Liberation of Kobani: A turning point in the war against ISIS

Kurdish fighters liberated the Syrian city of Kobani after over four months of intense combat with Islamic State fighters (Daesh). The battle for Kobani represents a turning point in the war against Daesh. Shifting alliances have made the Kurds indispensable to America's fight against Islamic extremists.

A Kurdish man holds up a weapon as he tours with others the streets of Ras al-Ain in celebration, after it was reported that Kurdish forces took control of the Syrian town of Kobani, January 26, 2015.
Rodi Said | Reuters
A Kurdish man holds up a weapon as he tours with others the streets of Ras al-Ain in celebration, after it was reported that Kurdish forces took control of the Syrian town of Kobani, January 26, 2015.

Daesh occupied scores of Kurdish villages outside Kobani in September. It slaughtered civilians and drove hundreds of thousands of Kurds from their homes during its merciless advance on the city, which straddles the border between Turkey and Syria.

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In October, Daesh raised its black flag over Kobani's outskirts. It seemed Kobani would fall. Daesh rained mortars and heavy weapons on Kobani's defenseless victims. Daesh threatened genocide against the Kurds, apostates for supporting the West. Kurdish prisoners, including women, were beheaded.

The brutal battle unfolded before the eyes of the world. International media watched from the hills above Kobani on the Turkish side of the border. Islamic State fighters flocked from across Syria and Iraq to Kobani. The Islamic State's leader, Abu Bakr al-Baghdadi, vowed to make an example of the Kurds and kill them all.

Outgunned and outmanned, The Kurdish People's Protection Units fought heroically to defend Kobani. Kurds from Turkey, including fighters of the Kurdistan Workers Party, joined the battle. So did Iranian Kurds and peshmerga from Iraqi Kurdistan. About 40 percent of Kobani's defenders were women.

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The Obama administration first turned a blind eye to Kobani's suffering, but finally intervened with air strikes and air-drops to resupply the Kurds.

Today, Kurdish flags fly over recaptured territory. Daesh has finally been vanquished. Kurdish militia are undertaking mopping up operations, ridding Kobani of land mine booby traps.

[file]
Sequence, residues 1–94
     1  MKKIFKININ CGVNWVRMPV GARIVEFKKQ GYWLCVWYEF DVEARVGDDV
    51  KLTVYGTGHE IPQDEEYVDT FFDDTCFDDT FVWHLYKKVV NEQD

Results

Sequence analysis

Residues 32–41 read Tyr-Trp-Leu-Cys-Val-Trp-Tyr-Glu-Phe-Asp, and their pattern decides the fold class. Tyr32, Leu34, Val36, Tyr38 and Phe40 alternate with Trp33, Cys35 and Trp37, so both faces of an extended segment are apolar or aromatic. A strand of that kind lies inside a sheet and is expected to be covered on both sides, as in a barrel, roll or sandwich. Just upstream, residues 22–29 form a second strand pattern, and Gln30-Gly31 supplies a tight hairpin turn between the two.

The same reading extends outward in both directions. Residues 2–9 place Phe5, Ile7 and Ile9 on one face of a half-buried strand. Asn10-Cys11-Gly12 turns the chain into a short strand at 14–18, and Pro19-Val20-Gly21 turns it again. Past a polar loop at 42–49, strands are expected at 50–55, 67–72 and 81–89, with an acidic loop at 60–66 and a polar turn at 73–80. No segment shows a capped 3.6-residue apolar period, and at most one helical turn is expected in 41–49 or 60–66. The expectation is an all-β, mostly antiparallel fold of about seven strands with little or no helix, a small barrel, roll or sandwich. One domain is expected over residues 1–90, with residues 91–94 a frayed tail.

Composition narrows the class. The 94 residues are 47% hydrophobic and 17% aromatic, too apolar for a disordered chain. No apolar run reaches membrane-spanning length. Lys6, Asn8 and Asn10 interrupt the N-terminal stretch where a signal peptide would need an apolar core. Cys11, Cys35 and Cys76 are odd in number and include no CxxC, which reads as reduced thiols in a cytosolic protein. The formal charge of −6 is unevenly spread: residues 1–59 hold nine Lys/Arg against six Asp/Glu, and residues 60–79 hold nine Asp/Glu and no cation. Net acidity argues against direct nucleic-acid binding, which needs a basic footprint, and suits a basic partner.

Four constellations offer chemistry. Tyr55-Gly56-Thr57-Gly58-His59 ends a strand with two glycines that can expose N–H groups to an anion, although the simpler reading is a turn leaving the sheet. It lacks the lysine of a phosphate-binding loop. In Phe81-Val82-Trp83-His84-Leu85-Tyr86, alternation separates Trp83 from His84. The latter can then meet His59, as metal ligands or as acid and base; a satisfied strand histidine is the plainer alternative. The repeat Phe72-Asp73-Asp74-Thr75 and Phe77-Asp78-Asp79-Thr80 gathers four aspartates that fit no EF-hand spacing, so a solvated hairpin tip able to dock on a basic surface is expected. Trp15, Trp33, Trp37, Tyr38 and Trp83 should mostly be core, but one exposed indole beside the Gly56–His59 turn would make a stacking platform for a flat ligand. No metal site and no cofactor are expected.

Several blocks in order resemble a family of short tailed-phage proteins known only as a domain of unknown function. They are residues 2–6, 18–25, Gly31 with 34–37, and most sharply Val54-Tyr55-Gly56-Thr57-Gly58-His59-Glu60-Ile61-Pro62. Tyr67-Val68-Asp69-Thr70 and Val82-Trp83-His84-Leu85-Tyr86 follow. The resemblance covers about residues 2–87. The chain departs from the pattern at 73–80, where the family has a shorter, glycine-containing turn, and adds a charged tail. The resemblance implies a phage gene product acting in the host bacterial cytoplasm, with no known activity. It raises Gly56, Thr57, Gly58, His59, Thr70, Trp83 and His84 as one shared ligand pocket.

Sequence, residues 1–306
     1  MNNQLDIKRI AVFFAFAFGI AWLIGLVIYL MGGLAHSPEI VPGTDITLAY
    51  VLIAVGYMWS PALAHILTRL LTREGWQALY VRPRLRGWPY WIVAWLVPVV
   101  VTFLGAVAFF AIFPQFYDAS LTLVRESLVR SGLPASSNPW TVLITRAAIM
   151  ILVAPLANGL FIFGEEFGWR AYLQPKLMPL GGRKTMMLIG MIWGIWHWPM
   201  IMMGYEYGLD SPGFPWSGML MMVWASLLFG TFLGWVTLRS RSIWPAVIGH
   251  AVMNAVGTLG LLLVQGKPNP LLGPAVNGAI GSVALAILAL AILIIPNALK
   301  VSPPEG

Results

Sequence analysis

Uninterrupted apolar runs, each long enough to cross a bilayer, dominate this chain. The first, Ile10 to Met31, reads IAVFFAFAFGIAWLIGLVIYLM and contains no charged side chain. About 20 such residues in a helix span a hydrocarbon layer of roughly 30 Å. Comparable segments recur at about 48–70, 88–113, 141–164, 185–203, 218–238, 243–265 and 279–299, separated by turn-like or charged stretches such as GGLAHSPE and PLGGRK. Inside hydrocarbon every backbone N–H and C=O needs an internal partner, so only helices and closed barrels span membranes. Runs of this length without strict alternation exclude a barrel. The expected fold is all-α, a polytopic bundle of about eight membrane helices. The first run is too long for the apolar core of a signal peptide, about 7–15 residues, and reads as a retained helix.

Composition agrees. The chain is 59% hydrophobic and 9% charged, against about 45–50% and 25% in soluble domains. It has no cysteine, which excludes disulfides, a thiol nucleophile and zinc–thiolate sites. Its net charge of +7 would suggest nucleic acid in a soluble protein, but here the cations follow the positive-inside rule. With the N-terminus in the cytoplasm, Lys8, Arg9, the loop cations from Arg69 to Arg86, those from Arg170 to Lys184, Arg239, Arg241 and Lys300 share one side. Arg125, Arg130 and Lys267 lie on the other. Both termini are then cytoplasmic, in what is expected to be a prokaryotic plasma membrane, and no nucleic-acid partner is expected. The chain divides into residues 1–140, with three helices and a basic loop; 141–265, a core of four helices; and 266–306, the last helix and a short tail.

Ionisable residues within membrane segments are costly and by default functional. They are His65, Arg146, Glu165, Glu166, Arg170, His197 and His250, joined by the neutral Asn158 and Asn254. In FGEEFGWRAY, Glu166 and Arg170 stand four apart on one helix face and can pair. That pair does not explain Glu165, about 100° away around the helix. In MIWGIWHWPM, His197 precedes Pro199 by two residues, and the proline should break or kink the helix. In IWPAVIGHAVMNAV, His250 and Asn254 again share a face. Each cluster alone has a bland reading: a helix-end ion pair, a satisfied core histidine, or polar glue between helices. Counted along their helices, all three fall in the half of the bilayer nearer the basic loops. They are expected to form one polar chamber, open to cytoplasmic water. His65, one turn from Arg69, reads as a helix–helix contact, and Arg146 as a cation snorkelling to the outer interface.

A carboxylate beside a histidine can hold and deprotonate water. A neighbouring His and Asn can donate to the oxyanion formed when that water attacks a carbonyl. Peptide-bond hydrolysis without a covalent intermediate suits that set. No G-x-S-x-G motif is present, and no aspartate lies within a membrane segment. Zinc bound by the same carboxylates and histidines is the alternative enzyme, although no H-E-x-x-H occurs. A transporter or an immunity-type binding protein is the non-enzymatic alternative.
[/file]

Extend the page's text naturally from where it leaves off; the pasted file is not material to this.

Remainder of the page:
While nearly 1,000 Daesh combatants were killed, Kobani's liberation took a heavy toll on its defenders. More than 300 Kurds were killed. Many civilians also perished.

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The battle for Kobani is significant for several reasons:

  • It's a major setback for Daesh's propaganda campaign. Daesh uses its aura of invincibility to gain recruits. In Kobani, Daesh was bloodied and beaten.
  • It has brought global attention to the Kurds of Syria and their social revolution, which is based on grass-roots democracy, women's empowerment, and environmental sustainability.
  • It was a public-relations disaster for Turkey's President Recep Tayyip Erdogan. Turkey sealed its border to cut off Kobani's defenders. Erdogan demanded that the U.S. impose a no-fly-zone and a security buffer in exchange for Turkey's cooperation with the U.S.-led multinational coalition fighting Daesh. Many observers (including this author) allege Turkey is providing military, logistical, financial and medical support for Daesh and other jihadists.
  • It did what no Kurdish leader could do: Kurds from Syria, Turkey, Iraq, and Iran found common cause in forming a united front against terrorism and the Islamic State's fascist nihilism.

The Islamic State's defeat in Syria followed a victory for the Peshmerga in Sinjar, where they defeated Daesh and saved thousands of Yazidis. The Iraqi armed forces is also rolling up Daesh in Iraq's Diyala province.

Despite these battlefield gains, challenges remain. Thousands of displaced persons need assistance resettling to their ruined homes in Kobani. Villages around Kobani are still under control of Daesh. Cooperation between Washington and the Democratic Union Party, which represents Syrian Kurds, is shallow and should expand.

Today Kurds rejoice. The world applauds their heroism — and joins their celebration.

When Daesh's obituary is written, Kobani will be enshrined as the turning point in the struggle to destroy the Islamic State.

Commentary by David L. Phillips, director of the Program on Peace-building and Human Rights at Columbia University's Institute for the Study of Human Rights. He served as a senior adviser and foreign- affairs experts to the State Department. His new book is "The Kurdish Spring: A New Map for the Middle East."